Clothing: are you Ready? Do you have clothes packed for you and your family members in case of an emergency? If you had to leave your home now, this minute, would you have a bag stashed near an exit area that you could easily grab and take with you on your way out the door?
BTW – I chose the wrinkled paper background (from PicMonkey) for the photo above because I thought it looked like a wrinkled white shirt! What do you think?
If you are a new visitor to my blog, welcome! I write a monthly emergency planning and preparedness post around the 22nd of every month. If you’ve missed earlier posts in this series, now’s your time to catch-up:
- Resolve to be Ready 2015
- Snowstorm: are you Ready?
- Family Emergency Kit: are you Ready?
- Fly-away Kit: are you Ready?
- Emergency Food Supply: are you Ready?
- Smoke Alarms: are you Ready?
- Water: are you Ready?
- Alert: are you Ready?
- Evacuation: are you Ready?
- Pet Owners: are you Ready?
- Blackout: are you Ready?
- Wildfire Season: are you Ready?
- Resolve to be Ready 2014
The 22nd of the month is a significant date to me because we lost our home in a wildfire on October 22, 2007. I’ve written a 20-part series on the loss of our home and the rebuild, and the first of the series can be accessed here: Any Way the Wind Blows.
Charlie and I took clothing with us when we evacuated because we had 3 hours to pack. And, I wrote all about those 3 hours in Any Way the Wind Blows, but I’ll give you a brief synopsis here:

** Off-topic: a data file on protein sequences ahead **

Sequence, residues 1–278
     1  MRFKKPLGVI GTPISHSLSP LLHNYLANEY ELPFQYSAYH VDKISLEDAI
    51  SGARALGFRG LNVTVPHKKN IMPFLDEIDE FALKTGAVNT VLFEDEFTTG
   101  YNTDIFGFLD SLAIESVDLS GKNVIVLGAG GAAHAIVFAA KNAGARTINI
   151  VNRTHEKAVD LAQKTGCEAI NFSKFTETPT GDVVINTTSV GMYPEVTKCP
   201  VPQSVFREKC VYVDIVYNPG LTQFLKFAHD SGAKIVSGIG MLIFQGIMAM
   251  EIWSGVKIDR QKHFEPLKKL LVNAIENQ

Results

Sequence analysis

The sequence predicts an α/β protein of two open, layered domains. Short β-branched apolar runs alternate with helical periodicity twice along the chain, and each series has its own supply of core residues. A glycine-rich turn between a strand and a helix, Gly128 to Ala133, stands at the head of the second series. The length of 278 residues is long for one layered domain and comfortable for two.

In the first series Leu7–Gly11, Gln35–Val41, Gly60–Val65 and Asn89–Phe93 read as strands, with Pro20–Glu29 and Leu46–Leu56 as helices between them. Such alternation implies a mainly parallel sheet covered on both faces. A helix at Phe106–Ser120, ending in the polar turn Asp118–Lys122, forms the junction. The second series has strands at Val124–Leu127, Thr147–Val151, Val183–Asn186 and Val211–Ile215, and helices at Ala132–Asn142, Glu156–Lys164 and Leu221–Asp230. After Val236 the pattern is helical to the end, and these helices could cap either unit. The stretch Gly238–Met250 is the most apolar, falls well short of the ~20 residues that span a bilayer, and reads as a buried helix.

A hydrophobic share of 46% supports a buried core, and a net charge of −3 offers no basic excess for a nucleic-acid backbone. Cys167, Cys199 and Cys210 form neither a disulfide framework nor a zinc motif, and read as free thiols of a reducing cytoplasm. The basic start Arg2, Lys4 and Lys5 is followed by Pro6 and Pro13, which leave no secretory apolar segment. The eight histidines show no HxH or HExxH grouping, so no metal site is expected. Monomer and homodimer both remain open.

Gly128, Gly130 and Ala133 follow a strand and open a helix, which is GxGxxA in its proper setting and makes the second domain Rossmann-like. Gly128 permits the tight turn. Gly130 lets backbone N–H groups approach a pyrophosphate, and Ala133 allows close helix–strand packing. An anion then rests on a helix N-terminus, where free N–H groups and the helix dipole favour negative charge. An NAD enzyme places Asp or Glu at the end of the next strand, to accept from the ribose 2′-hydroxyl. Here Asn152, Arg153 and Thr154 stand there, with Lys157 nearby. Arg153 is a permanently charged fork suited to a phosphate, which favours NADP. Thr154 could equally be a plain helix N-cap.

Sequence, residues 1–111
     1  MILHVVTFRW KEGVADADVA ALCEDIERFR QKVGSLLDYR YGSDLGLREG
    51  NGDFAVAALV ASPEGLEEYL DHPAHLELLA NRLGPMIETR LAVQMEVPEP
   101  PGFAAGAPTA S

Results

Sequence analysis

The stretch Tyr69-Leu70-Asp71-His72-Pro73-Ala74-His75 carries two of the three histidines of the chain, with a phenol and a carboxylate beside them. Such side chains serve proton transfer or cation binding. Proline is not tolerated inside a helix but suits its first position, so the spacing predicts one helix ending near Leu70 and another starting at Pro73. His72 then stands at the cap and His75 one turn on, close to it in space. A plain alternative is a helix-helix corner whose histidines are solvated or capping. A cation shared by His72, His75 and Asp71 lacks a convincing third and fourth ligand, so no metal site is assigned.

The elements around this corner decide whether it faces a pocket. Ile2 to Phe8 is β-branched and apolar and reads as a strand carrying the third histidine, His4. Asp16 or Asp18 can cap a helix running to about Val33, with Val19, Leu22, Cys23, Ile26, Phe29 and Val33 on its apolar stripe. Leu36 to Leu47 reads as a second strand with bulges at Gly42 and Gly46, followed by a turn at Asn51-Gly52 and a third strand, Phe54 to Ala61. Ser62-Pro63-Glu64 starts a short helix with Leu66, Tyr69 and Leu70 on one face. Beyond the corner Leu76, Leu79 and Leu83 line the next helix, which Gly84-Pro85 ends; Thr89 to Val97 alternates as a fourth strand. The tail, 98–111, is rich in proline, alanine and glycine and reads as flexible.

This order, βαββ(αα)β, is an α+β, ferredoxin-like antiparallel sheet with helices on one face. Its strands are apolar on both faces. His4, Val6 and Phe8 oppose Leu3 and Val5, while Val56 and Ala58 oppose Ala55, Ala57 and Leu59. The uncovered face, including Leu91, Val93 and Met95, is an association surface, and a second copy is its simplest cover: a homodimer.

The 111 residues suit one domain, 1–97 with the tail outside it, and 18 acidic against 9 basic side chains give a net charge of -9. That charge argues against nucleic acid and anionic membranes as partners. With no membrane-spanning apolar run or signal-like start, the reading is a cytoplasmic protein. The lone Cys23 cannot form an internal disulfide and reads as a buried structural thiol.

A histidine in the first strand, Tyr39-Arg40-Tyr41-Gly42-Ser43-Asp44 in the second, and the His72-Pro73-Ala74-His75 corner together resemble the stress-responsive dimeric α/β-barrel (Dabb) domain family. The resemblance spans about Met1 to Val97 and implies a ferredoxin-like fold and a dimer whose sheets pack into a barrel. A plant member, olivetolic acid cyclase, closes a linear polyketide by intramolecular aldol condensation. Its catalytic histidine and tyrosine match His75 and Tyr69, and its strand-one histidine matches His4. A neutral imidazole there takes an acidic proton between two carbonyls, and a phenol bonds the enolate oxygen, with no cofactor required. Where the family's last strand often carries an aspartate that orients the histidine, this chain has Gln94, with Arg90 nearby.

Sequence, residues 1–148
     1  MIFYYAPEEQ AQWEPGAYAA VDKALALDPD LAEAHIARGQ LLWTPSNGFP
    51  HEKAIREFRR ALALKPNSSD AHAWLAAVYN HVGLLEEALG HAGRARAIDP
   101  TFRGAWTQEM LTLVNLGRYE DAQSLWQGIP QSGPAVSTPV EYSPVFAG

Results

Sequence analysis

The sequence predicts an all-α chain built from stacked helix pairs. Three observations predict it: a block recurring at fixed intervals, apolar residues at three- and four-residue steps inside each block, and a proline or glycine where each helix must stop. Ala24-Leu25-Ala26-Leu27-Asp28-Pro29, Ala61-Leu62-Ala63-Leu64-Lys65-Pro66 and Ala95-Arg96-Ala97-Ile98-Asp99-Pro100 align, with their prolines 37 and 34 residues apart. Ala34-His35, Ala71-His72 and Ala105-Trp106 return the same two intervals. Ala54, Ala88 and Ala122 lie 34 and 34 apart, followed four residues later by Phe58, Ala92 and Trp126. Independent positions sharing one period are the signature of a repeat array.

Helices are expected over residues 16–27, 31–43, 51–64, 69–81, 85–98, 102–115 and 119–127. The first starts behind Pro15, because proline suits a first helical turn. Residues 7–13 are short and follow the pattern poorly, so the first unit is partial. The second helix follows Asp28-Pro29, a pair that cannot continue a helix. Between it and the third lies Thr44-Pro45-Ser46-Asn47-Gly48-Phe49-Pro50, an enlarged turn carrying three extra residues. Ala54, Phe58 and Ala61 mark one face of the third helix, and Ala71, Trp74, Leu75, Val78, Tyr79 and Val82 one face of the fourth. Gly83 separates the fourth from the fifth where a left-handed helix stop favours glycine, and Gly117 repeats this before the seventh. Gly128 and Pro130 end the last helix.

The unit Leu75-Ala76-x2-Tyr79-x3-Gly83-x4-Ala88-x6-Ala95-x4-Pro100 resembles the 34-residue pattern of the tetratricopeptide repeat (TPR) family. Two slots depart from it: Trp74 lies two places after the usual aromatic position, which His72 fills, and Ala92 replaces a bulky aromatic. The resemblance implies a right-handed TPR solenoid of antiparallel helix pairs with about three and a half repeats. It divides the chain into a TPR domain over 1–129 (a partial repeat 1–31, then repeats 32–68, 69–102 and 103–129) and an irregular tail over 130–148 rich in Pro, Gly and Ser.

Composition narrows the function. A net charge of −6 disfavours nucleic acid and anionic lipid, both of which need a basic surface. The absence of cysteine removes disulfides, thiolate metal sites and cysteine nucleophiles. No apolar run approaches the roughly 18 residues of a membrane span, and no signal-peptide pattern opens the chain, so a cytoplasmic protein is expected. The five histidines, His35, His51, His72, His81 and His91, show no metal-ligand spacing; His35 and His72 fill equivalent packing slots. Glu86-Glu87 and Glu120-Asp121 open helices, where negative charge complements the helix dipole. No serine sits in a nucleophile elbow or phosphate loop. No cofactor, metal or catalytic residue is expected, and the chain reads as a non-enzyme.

My mother called us to ask if we were evacuating our valley. I said “no” and she said she’d heard on the news that our valley was being evacuated. I told Charlie and we turned on the TV (I don’t remember the time now, but I think it was early evening).
We watched TV for hours, flipping channels trying to find any information – nothing. The winds were howling and around 7:00 p.m. I went outside to get our suitcases out of storage. During that time, I took this picture:
This picture is the fire in the hills and mountains east of our home. At the time, I had a simple point-and-shoot camera, but it did have a 10x zoom lens, so this photo is taken with that little zoom lens.
I brought the suitcases into the house and Charlie said, “why did you bring those into the house?”
“Just in case we need them.”
“Well, we aren’t leaving.”
Now, you also need to know that I’d been at a girlfriend’s house when I first heard about the fire in a neighboring town. I immediately got in my car and drove home. On the way home, I could see the fire in the distance, about 10 to 15 miles from our house and it was enormous, even from that distance. I had a sinking feeling we were in trouble.
As I drove down our road towards our home, the perspective changed and you could no longer see the massive fire in the distance. When I arrived home, Charlie was watching the NASCAR races (his favorite sport) and I told him to get in the car, I was going to drive him down the road to see the fire.
He was resistive (he’s stubborn like that), but eventually acquiesced and we drove a couple miles west, turned around and headed back home. He immediately saw the fire in the distance and heaved a whispered “wow”.
So, now he’s giving me fits about bringing in suitcases – go figure!
Anyway, on the off chance that I was overreacting, I set the suitcases aside and sat down to watch more TV. Finally, at 10:00 pm, the mayor of San Diego came on via a press conference. He said (I’m paraphrasing), “we have evacuated the entire town of Ramona and the San Pasqual Valley. The fire is burning west and we expect it to breach San Diego city limits by 1:00 am. There is no containment.”